Ullah, Daud, Dass, Khan, and Khalil: Detecting space-time disease clusters with arbitrary shapes and sizes using a co-clustering approach

Detecting space-time disease clusters with arbitrary shapes and sizes using a co-clustering approach

Abstract

Ability to detect potential space-time clusters in spatio-temporal data on disease occurrences is necessary for conducting surveillance and implementing disease prevention policies. Most existing techniques use geometrically shaped (circular, elliptical or square) scanning windows to discover disease clusters. In certain situations, where the disease occurrences tend to cluster in very irregularly shaped areas, these algorithms are not feasible in practise for the detection of space-time clusters. To address this problem, a new algorithm is proposed, which uses a co-clustering strategy to detect prospective and retrospective space-time disease clusters with no restriction on shape and size. The proposed method detects space-time disease clusters by tracking the changes in space–time occurrence structure instead of an in-depth search over space. This method was utilised to detect potential clusters in the annual and monthly malaria data in Khyber Pakhtunkhwa Province, Pakistan from 2012 to 2016 visualising the results on a heat map. The results of the annual data analysis showed that the most likely hotspot emerged in three sub-regions in the years 2013-2014. The most likely hotspots in monthly data appeared in the month of July to October in each year and showed a strong periodic trend.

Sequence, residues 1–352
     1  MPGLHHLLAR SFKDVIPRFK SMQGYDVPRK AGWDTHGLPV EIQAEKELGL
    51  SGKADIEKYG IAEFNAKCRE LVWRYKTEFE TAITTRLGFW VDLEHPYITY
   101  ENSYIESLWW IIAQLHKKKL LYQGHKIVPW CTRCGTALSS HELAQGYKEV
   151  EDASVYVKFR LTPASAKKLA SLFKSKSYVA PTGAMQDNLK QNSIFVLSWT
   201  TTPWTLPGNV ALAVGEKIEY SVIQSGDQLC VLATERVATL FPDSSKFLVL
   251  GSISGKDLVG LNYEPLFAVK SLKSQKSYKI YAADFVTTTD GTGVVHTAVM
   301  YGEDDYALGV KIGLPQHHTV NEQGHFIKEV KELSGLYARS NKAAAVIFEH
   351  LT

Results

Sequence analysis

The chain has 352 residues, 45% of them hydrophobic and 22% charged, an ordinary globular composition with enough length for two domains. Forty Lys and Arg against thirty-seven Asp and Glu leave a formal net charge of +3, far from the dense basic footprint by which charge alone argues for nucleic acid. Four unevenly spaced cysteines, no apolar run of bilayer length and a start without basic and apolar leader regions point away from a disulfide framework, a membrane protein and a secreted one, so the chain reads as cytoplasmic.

Introduction

Ability to discover significant space-time clusters in spatiotemporal data is essential in many research areas. Cluster detection plays an important role in disease surveillance as it facilitates health officials’ efforts to identify targets of possible interest for interventions. In surveillance, the spatio-temporal distribution of disease occurrences in an area is studied with the aim to detect sub-regions and time points where disease occurrences tend to cluster suggesting the potential of an emerging disease outbreak in that area.